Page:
The three lakes already had an environmental pressured due to the high human population surrounding the lake cause high domestic pollution, high sedimentation of Citarum River, industrial pollution especially textile industries, more than thousand of industry in diferent type in this area. In the lakes it selves, aquaculture especially floating net cages developed excessively carrying capacity, eutrophication or nutrient enrichment already occurred, overturn which caused fish killed every year occurred.

Domestic pollution will caused organic pollution in the lake especially from household waste, bad sanitation system and bad habit of the people to dump debris to the river. This condition will be increased of Nitrogen and Phosphorous in aquatic ecosystem, especially NO3, NO2, NH3, and PO4, is good media for bacteria, virus to grow, for example KHV growing in Cirata Reservoir. While contain of industrial pollution usually are organic compound, and heavy metal especially Cr, Cd and Pb. Heavy metal pollution is very dangerous because of possibility of bioaccumulation through food chain and food web as well as decrease the food safety and food security.

Fisheries activities particularly floating net cages is intensive aquaculture need fish food with high protein content. Based on investigation about 30 % of food lost to the aquatic ecosystem, therefore NO3, NH3 and PO4 increased. Besides that the content of BOD and COD also increased. In the table below presented the water quality characteristic in the three reservoirs. In the three table below presented the water quality characteristics of three reservoir along Citarum River.

Table 1 showed that generally the water quality characteristics of Saguling Reservoir was moderate for utilization of drinking water materials and fisheries, but for hydropower generation is still good. In each station the content of organic material is shown by COD, BOD higher compare with water quality standard particularly for drinking water material.

The content of COD and BOD higher compare to water quality standard due to feed waste and domestic waste in the water was high; in contras concentration of DO (dissolved oxygen) was low, because oxygen was used by microorganism to degrade organic matter to be inorganic matter such as NO3, NO2, NH3 and PO4. The degradation of organic matter to H2S is conducted by anaerobic bacteria.

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Table 1. Water quality characteristic in the Saguling Reservoir for utilization of drinking water material (Class 2), fisheries (Class 3), and hydropower generation (Class 4), 2007.

Stat.

No.

Class 2 Class 3 Class 4

Unmatched standard Parameter

Score Total

Standard Status

Unmatched standard Parameter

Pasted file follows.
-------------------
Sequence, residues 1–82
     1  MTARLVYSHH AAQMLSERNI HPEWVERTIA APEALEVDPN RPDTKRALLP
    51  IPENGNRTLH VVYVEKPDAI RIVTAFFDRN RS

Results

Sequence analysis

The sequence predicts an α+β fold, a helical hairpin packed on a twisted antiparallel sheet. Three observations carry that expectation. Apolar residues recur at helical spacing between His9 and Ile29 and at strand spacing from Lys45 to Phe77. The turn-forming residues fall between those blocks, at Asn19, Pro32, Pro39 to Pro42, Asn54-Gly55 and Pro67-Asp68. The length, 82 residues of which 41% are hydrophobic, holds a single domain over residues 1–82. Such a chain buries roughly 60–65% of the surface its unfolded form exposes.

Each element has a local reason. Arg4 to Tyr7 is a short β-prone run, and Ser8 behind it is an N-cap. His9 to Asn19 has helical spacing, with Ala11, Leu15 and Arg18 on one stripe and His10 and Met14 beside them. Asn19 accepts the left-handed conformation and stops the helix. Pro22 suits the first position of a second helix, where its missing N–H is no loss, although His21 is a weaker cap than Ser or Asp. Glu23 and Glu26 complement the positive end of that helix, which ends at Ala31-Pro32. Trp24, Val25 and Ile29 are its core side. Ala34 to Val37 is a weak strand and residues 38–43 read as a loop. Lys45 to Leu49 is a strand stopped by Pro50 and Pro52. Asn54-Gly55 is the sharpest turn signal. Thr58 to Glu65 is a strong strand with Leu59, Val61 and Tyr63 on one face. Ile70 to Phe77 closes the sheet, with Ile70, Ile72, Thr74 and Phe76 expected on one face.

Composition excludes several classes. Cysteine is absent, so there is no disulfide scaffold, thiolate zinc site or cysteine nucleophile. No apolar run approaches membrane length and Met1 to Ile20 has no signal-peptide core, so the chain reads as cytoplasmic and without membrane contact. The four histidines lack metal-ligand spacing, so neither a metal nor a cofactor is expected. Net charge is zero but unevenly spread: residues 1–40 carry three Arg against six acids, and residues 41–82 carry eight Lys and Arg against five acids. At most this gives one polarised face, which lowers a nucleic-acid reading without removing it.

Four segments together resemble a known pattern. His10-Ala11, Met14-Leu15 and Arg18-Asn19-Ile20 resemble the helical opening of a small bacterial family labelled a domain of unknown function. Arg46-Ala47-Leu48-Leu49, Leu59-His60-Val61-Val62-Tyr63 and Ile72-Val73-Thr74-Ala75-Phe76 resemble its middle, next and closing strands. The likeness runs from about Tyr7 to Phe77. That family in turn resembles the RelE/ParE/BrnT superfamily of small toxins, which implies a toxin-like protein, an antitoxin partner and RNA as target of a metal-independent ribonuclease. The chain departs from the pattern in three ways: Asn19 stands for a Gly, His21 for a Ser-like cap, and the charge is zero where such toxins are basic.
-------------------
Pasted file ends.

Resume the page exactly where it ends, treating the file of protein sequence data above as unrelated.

Score Total

Standard Status

Unmatched standard Parameter

Score Total

Standard Statue 1 DO, COD,

BOD

-22 Moderate NO2, Cl2, Zn -20 Moderate RSC -10 Good 2 DO, COD,

BOD, Cd

-32 Bad H2S, NH3, NO2, Cl2, DO, Zn, Cd

-48 Bad Cd -2 Good

3 H2S, DO, COD, BOD

-32 Bad H2S, NH3, NO2, DO, Zn

-36 Bad RSC -8 Good

4 DO, COD, BOD, Cd

-30 Moderate NO2, Cl2, DO, Cd

-20 Moderate Cd, RSC -12 Moderate 5 H2S, DO,

COD, BOD

-36 Bad H2S, NH3, NO2, Cl2, DO

-34 Bad RSC -8 Good

6 DO, COD, BOD, Cd

-30 Moderate H2S, NH3, Cl2, DO, Cd

-24 Moderate Cd, RSC -12 Moderate 7 H2S, DO,

COD, BOD

-30 Moderate H2S, NH3, Cl2, DO

-26 Moderate RSC -10 Good

8 H2S, DO, COD, BOD

-30 Moderate H2S, NH3, NO2, Cl2, DO, Zn

-36 Bad RSC -10 Good

9 DO, COD, BOD

-28 Moderate H2S, NH3, NO2, DO, Zn

-30 Moderate RSC -8 Good

Score Average

-30 Moderate -30 Moderate -9 Good

In water sample was found some heavy metal such as cadmium (Cd). The sources of heavy metal is industrial waste especially from textile industry which in the Citarum River Basin or catchment area of Saguling Reservoir. The content of industrial waste was not only of heavy metal, but also organic compound.

The water qualities in Cirata Reservoir are bad especially for drinking water materials and fisheries, but are still very good for hydropower generation. Standard status of water quality in Cirata Reservoir particularly for drinking water material and fisheries is worst compare to Saguling Reservoir. The reason is the aquaculture activities more developed in this reservoir. There are circa 51,000 units of floating net cages in this reservoir whereas in Saguling only circa 25,000 unit. So, there are more fish feed required and more waste dump on the reservoir. Besides that the people who manage the floating net cages lived in here more than in Saguling. The daily activities of them conducted in the floating net. They dump domestic waste to the reservoir; E. coli and coli form are higher unmatched compare to water quality standard. This biological parameter increased due to the feces and dung.

Actually, the water quality of Cirata Reservoir is bad for aquaculture utilization; however the cultivator still develop floating net cages for fish aquaculture. Therefore overturn often occurred in this reservoir, the thousand tones fish killed, billion rupiah lost. Another disadvantaged of water quality degradation is fish diseases. Invertebrate and bacteria which caused fish diseases (KHV) are growing in this condition very well.

As mentioned above that 30% of fish feed lost to the aquatic ecosystem, this condition caused sedimentation, the reservoir became shallow and very rich of organic material, decomposed occurred, the benthic animal can’t live in. Although benthic animal is one of

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natural fish feed besides plankton. This condition is organic pollution, the diversity of benthic animal and plankton decrease, water quality parameter such as BOD and COD increased but DO (dissolved oxygen) decreased, although oxygen is the most important for aquatic organism like fish. Table 2 is shown this condition.